Do I want to come back?

I miss the normalcy of my New England life. The question is can I sustain the personal and emotional growth that I have gained in the past two and a half years, or would I slither back into my old skin again.

Do I want to come back?

Yes. I want to come back and live in a room with a kitchen, a bed, and a bathroom. I want to live in the woods, off the grid and write.

Can I come back?

I certainly have taken risks before. I am capable of doing anything. But I’ll need a car. I’ll need to pay first and last month’s rent. Oh and I’ll need a job. Isn’t it funny how leaving the country was so easy, so dynamic, unpredictable and challenging, but grappling with a possible return stops me dead in my tracks? All of my protectors leap out at me and yell be careful, it’s not the way you think it is, you will fall into a rut again, you can’t teach, you can’t earn a living writing, you will end up right where you started two and a half years ago. But I can keep them at bay. I have taken to propping those voices on my shoulder and telling them to settle down and watch me take care of myself.

Plant the oar

I finally get it when Tiresias gives Odysseus the oar and tells him that after he returns to Ithaka he will have to go somewhere far away and plant the oar in a place where no one has ever seen one before. It’s because Odysseus is not that person anymore. He made it back to Ithaka a different man, and Ithaka was not the same either. Plant the oar, plant your old self somewhere far away and your return will be complete.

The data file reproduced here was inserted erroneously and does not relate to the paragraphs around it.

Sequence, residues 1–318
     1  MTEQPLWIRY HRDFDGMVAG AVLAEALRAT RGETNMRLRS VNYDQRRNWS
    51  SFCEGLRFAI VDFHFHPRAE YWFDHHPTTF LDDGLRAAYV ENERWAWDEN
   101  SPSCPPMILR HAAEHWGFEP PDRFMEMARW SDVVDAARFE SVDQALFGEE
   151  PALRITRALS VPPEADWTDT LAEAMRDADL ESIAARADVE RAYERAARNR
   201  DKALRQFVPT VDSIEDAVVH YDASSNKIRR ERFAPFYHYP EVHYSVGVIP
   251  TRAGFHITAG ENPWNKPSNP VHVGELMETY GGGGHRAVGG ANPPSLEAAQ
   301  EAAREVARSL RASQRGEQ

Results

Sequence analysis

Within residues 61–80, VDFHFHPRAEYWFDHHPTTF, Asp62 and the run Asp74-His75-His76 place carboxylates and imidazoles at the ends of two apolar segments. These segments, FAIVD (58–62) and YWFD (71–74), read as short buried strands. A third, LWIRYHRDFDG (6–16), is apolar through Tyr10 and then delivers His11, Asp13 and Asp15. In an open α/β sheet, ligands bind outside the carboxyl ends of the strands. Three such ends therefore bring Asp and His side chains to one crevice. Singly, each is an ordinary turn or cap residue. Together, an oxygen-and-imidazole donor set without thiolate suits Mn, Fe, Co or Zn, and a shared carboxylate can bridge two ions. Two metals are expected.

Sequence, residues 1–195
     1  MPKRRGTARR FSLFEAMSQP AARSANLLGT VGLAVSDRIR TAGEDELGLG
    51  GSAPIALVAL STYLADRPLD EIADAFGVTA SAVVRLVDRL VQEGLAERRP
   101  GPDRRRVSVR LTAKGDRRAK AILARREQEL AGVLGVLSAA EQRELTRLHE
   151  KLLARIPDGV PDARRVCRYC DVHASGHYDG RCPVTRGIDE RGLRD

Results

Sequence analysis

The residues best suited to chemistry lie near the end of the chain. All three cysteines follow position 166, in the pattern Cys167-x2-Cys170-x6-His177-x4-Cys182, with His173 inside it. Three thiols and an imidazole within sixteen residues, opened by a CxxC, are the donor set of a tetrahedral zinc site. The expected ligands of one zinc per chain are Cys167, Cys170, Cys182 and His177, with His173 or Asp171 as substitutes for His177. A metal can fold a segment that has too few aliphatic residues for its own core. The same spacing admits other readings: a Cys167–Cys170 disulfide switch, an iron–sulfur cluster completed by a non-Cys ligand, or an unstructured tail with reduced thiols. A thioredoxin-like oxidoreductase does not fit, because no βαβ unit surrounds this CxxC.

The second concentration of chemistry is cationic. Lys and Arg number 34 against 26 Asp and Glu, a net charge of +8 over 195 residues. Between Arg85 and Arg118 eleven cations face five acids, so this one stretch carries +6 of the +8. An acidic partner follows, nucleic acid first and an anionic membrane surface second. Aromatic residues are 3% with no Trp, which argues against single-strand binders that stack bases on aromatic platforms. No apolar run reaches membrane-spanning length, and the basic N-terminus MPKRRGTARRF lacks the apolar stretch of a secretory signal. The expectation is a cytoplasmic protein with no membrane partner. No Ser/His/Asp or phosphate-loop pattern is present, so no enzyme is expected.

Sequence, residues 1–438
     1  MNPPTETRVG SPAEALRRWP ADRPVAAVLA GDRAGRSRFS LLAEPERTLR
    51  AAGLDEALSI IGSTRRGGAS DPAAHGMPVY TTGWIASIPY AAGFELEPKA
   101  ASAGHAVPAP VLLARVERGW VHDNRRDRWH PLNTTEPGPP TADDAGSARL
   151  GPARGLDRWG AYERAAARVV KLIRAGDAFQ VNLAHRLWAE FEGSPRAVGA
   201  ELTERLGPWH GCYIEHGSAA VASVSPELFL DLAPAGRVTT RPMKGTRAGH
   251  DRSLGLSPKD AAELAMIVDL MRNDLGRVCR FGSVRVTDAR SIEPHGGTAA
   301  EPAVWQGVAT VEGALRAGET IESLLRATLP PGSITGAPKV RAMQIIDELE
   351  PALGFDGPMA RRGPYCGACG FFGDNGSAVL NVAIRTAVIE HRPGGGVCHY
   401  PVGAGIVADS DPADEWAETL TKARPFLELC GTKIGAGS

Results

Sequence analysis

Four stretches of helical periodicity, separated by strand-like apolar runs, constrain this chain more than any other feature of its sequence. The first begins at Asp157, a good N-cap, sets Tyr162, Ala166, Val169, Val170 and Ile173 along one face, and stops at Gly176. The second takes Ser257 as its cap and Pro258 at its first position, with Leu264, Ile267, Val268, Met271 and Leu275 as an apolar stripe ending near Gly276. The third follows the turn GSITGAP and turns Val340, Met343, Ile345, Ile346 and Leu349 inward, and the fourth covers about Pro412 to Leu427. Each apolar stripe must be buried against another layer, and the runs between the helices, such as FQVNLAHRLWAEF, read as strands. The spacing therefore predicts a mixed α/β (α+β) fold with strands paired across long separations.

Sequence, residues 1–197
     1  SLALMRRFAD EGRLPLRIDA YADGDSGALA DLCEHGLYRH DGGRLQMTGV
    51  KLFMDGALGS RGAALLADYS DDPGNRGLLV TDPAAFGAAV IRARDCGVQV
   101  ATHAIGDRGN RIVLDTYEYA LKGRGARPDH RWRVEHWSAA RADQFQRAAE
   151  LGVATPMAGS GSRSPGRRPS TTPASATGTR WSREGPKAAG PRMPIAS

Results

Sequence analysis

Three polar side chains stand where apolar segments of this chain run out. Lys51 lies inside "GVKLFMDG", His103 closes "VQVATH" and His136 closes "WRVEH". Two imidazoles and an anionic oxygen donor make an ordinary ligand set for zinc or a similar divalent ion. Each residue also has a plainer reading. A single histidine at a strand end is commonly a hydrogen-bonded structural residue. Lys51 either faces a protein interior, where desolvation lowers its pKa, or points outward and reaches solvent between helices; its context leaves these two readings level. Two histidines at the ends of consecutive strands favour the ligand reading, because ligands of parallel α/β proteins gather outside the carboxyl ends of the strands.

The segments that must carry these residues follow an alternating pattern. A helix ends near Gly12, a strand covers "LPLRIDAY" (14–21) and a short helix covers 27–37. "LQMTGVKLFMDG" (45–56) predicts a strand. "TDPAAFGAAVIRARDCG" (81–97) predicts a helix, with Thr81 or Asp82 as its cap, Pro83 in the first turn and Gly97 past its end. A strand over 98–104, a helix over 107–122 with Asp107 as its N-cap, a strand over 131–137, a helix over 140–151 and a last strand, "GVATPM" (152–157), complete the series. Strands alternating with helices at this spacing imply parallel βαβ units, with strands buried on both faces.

So I can go back. I can take my oar with me. And after I have settled into my life there, I can pick up my oar and take it to say, Louisiana or Kansas, and plant it there. Because home is in my heart. I know that it is not in Peterborough, Katonah, or Kuala Lumpur.

It sounds so simple.

Why is it so hard?





Acclimatizing in Dingboche

(October 5, 2016)

We hiked through thin air and dense fog. Intermittently, the sun pushed the clouds away to reveal a majestic mountain peak for a fleeting moment. Everything inside of me was breathing — my stomach, my eyes, the blood in my head. We climbed to 5,100 meters, taking baby steps up the mountain with little oxygen.

When we returned to the teahouse, I just lay back in the sun and let it burn my headache away to a dull, functional throb. The cure for an altitude headache is to lie in the sun and wind until it dissipates. It may take 2 cups of masala tea, two pieces of buttered toast as well. Tomorrow 5,100 meters.

Feeling the Altitude in Second-person

(October 6, 2016)

As you approach your destination, your head starts to throb, and you place one foot in front of the other with every effort you can—baby stepping it but slower. Then you go inside and you’re not sure what to do, so you take ibuprofen and sit outside to will away the headache. Then you can stumble back inside and sit still, still, still, and close your eyes, willing the oxygen back into your blood.